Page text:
All Products

Dr Todd Mowery and Justin Yao – Part 2

May 28, 2024


This is a continuation of our conversation with Dr. Todd Mowery.

Dr. Todd Mowery uses neuroanatomical, neurophysiological, and behavioral techniques to investigate how hearing loss and vestibular dysfunction impact downstream regions involved in cognitive processing.

He and Dr. Justin Yao were recently published in Frontiers in Neurology with their paper “Superior semicircular canal dehiscence and subsequent closure induces reversible impaired decision-making”. DOI: 10.3389/fneur.2023.1259030 


What drove the decision to collaborate with Justin Yao? 

Justin is really focused on basic neuroscience. He is interested in how something works, and I am interested in what happens to it after it breaks. So, we work really well in that regard. I’m always telling him that he needs to add more clinical, translational aims, and he’s always telling me that you can’t have this clinical aim until you have the basic aim. We synergize with each other with that. When we were both recruited by Rutgers, we sat down and had a long conversation about how we were going to divide up the field.

We both have good career plans that are not the same, but they work in parallel to one another. We’re bringing in more neuroscientists that are interested in regions connected downstream of the auditory circuitry. I think the idea that you can work in one little structure for a 30-year career is over, so we’re moving forward with that in mind.  


What’s your approach to neuroscience research? 

Anatomy, physiology, and behavior. Those three things are always going to be at the root of neuroscience.

For a basic traditional neuroscience lab, once you have these approaches established, you can ask all kinds of questions. We’re really interested in how all these systems interact with the auditory circuit. Once we find a connection, it’s not hard for us to design an experiment to ask the next question. It’s just about putting the electrodes somewhere else, tweaking a behavioral paradigm, and adding a different kind of stimulation. We do a lot of neuroanatomical tracing to see how all these circuits are connected.

Once we do the anatomy, we can go back in with physiology and then create the behavior paradigms around the question we want to ask to determine the interaction between the regions. 


What do you see as the next innovation in the field? 

I think fiber photometry is the new kid in town that’s got everybody excited. We have to continue to innovate to keep up with everything. I think a part of that is technology. Photon-imaging is great, but it’s limiting in that you need a big piece of machinery, and your yield comes down. I think the next version of fiber photometry is going to be able to address these two issues. I’m waiting for the next version to emerge, which would hopefully be able to visualize activity deeper into the brain than we’ve gone and record from multiple connected regions at a time. These types of studies will be required if we want to take computer modeling of the brain seriously.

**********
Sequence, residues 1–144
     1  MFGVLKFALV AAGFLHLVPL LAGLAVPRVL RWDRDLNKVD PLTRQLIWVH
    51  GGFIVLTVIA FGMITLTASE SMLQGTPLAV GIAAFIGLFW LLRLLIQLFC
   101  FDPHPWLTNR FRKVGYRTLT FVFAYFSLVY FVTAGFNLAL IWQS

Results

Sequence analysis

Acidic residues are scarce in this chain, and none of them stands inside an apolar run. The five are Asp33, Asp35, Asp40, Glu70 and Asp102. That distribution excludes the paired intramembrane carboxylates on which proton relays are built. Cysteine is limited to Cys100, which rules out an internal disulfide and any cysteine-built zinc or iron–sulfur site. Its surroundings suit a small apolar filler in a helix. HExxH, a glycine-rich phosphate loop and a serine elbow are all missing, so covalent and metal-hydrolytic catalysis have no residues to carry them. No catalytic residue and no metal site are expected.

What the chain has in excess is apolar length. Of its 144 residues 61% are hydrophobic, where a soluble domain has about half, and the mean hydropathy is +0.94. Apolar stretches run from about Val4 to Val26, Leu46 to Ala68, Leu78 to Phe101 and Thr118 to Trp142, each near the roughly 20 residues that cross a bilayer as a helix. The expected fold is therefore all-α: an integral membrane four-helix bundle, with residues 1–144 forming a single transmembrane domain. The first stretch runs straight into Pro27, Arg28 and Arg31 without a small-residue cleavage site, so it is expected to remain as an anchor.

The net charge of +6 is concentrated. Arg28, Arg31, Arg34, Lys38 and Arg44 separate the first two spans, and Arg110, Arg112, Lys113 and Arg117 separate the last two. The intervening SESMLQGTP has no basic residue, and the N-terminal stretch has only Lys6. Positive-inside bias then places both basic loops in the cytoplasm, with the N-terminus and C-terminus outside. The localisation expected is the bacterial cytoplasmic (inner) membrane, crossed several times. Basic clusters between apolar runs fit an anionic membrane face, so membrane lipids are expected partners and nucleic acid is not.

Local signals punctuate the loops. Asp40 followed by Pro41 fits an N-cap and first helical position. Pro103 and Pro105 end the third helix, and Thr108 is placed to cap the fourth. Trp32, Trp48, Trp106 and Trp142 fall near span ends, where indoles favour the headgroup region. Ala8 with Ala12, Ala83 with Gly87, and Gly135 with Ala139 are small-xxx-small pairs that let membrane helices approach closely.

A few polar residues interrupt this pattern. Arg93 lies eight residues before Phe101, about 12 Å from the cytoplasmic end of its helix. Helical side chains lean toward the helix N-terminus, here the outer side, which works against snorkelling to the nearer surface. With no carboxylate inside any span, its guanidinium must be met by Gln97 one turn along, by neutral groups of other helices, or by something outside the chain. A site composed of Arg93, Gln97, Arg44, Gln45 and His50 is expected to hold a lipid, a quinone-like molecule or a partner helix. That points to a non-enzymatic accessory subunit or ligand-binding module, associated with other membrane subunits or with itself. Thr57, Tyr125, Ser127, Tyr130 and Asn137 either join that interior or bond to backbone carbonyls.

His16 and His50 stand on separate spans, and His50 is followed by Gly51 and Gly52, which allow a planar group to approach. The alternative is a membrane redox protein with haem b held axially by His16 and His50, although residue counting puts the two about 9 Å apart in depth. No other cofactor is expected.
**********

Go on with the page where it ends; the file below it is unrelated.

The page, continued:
What are some of your ideas for your research moving forward? 

Justin is looking at the parietal cortex; I specialize in the striatum. We’re starting to look at how these super circuits work together, especially during vestibular disorders and hearing loss.

As the auditory circuits break down over time, all the connected circuits in other systems start to break down as well. Justin and I are going to be looking at that over the next 20 years. We have some noise paradigms where we deafen the animals to see how hearing loss affects those circuits and why dementia might be occurring subsequent to that. We have some hypotheses about far downstream systems like the hippocampus.

There’s another concept I thought about that could apply to the iCon system. We want to implant rodents with electrodes and record them 24 hours a day in their home cages. When they want to eat or drink, there’s a paradigm that they have to perform, and we could collect naturalistic data that way. 


Why is this research important? 

Hearing loss affects the most people in the world. If you’re over 65, you have a 78% chance of having mild to severe hearing loss. All hearing aids do is amplify sound, and they worsen your hearing loss more quickly. A lot of people have hearing loss, but don’t get diagnosed until it’s moderate to severe and they can’t hear their partner or kids. They found that early onset hearing loss is connected to dementia, and it looks like it’s causative, so there’s a big push in the auditory field to start looking at these things.  

We have lots of younger, earlier onsets of hearing loss. The problem is our world has become noisier. Almost anyone that’s been deployed in an active battle zone has hearing loss. People in industry are exposed to damaging noise levels every day for decades. Same thing with motorcycle riders, truck drivers, subway riders, airplane riders. Everyone wears headphones. Deaf people don’t have dementia because their circuits never developed with sound, so other inputs fill-in the space in a use-dependent effect. But reorganizational plasticity falls off as you get older.

I like to spread this information because dementia is very tangible. Everybody typically knows someone that’s had dementia or hearing loss. Sometimes the degradation can happen rapidly in the brain. It’s important to keep yourself spry. It’s like the internal voice starts to fall apart when you haven’t heard someone speak to you in a while. 

Tags:   customer spotlight